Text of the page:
If your role is redundant, your employer has a duty to consider whether there is suitable alternative employment for you.
If there is a suitable vacancy, your employer must appoint you to that role, even if there are better external candidates. However, the vacancy does have to be suitable. Your employer doesn’t have to appoint someone unsuitable into a role, just because there’s a vacancy.
What is suitable?
Suitable does not mean a perfect fit. There does however need to be a loose fit, taking into account the requirements of the job and the qualifications of the employee.
These are the factors your employer should consider in order to determine whether alternative employment is suitable:
Some roles may not seem suitable immediately but your employer should consider whether the role could become suitable if you are given training and support.
Notifying you of job roles
Your employer should advise you of any alternative role in writing before your employment ends.
There needs to be enough information about the job, including what you can expect to earn. If your employer doesn’t do this, there’s a strong chance that an Employment Tribunal will say they haven’t acted reasonably.
How thoroughly should your employer search for alternative employment?
Your employer is not expected to create a new job. However, as part of the redundancy procedure, they have to make a reasonable effort to identify existing opportunities.
For a small business with very few staff, this may be relatively easy. However, for a larger business with thousands of employees, the search will take much longer.
If your employer is part of a group of companies, they should make a reasonable search of potential vacancies within the group and not just the company that employs you.
Even if the alternative employment becomes apparent late in the day, it may be that your employer needs to extend the notice period to give you chance to consider it.
Your employer should consult with you about possible alternative employment, even if they think you wouldn’t accept it. Employers are expected to consider slightly lower paid jobs but not those that are significantly lower paid.
What about women on maternity leave?
If a woman on maternity leave is to be made redundant, she is entitled to trump everyone else for any suitable alternative employment that is available. This includes vacancies in a group company.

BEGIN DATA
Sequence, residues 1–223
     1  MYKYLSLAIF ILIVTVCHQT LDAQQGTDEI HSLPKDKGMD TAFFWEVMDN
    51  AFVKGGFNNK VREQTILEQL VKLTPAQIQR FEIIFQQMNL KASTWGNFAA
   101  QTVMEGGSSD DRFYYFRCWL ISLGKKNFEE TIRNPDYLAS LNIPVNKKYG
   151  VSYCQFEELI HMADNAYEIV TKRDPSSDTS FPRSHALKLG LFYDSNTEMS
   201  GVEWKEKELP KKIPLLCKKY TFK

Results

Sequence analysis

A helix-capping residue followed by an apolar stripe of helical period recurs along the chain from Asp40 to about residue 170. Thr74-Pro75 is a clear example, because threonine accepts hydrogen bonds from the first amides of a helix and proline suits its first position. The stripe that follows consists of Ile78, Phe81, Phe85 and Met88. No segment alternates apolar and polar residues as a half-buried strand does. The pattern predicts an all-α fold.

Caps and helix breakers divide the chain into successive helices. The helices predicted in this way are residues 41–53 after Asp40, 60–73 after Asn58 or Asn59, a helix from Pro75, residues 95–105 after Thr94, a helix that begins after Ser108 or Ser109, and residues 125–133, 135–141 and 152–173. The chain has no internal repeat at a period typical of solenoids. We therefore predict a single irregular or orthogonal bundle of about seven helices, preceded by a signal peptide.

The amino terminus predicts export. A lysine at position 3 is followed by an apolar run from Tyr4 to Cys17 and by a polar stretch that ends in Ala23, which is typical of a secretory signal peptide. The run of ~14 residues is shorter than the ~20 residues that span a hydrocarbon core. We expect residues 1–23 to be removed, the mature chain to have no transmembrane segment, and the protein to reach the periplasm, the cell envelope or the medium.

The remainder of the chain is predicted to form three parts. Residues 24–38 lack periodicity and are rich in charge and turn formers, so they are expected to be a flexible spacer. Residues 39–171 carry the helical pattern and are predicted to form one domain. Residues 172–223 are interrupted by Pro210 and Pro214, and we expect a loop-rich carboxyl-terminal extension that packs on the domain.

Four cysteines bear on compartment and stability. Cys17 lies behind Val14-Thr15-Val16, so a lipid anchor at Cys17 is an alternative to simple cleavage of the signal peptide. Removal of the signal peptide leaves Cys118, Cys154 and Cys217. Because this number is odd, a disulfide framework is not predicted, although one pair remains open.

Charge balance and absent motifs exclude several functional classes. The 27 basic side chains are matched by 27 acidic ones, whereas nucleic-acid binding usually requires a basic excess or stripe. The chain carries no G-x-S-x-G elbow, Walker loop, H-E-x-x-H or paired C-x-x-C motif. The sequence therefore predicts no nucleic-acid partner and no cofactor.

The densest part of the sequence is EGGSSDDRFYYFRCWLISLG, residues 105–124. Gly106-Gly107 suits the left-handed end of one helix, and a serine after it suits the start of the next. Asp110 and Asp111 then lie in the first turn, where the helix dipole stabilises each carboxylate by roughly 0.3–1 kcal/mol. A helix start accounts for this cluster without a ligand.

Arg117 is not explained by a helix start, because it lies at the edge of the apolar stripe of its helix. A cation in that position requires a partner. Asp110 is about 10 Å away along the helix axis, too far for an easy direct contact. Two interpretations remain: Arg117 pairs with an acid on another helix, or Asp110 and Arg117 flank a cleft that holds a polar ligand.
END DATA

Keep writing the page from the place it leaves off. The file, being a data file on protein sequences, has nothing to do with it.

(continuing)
The rules applies even if the woman on maternity leave is not the best candidate. If she is not offered that role and is subsequently made redundant, her dismissal is automatically unfair. This is true even if it’s several months before she returns from maternity leave.
There are equivalent laws that apply equally to parents on adoption leave and parents on shared parental leave.
Four week trial period
If your employer offers you alternative employment, you’re entitled to a four week trial period.
If, at the end of that trial period, you don’t resign and you’re not dismissed, then you officially take up the new role. This means that your employer doesn’t have to pay you any redundancy payment because your employment isn’t ending.
If you resign or your employer dismisses you during the trial period, this is deemed to be by reason of redundancy. Provided that your resignation was reasonable, you should still get your redundancy payment.
Can you lose your entitlement to a statutory redundancy payment?
If you unreasonably refuse an offer of suitable alternative employment, you lose your right to a redundancy payment. This is true whether you refuse before or during the trial period.
However, your employer mustn’t presume that your refusal is unreasonable. t’s probably reasonable for you to refuse an alternative role if:
- it leads to a significant pay cut
- it involves unsociable hours
- you would need to relocate
- there would be a loss of status
Provided you can explain why the role wasn’t suitable for you, an employment tribunal is likely to be sympathetic to your claim for a redundancy payment (although it’s better to settle any claim rather than go to a tribunal possible).
Agreeing a settlement agreement with your employer
If you and your employer are in dispute as to whether they’ve done what they’re required to do, it may be that the best option is to agree a settlement agreement.
You will need to make sure that any settlement agreement reflects the value of any rights you’re giving up, taking into account:
- whether your employer has broken the law
- your financial losses
- how easy it would be to prove your case if your brought legal action
It may be that you can negotiate a settlement agreement on the basis of good will.
Do you need legal advice on a settlement agreement?
If you’ve received an offer of a settlement agreement as an alternative to redundancy, you will need to make sure you receive legal advice on it.
We advise clients throughout the UK. We provide clear and prompt advice on a confidential basis.
Call us now for a free consultation.
From a landline: 0800 531 6050
From a mobile: 0330 333 6050
Alternatively, complete the form below and we’ll contact you.
Contact Us for a Free Consultation
If you would like a free consultation about your settlement agreement, complete the form below and we’ll give you a call.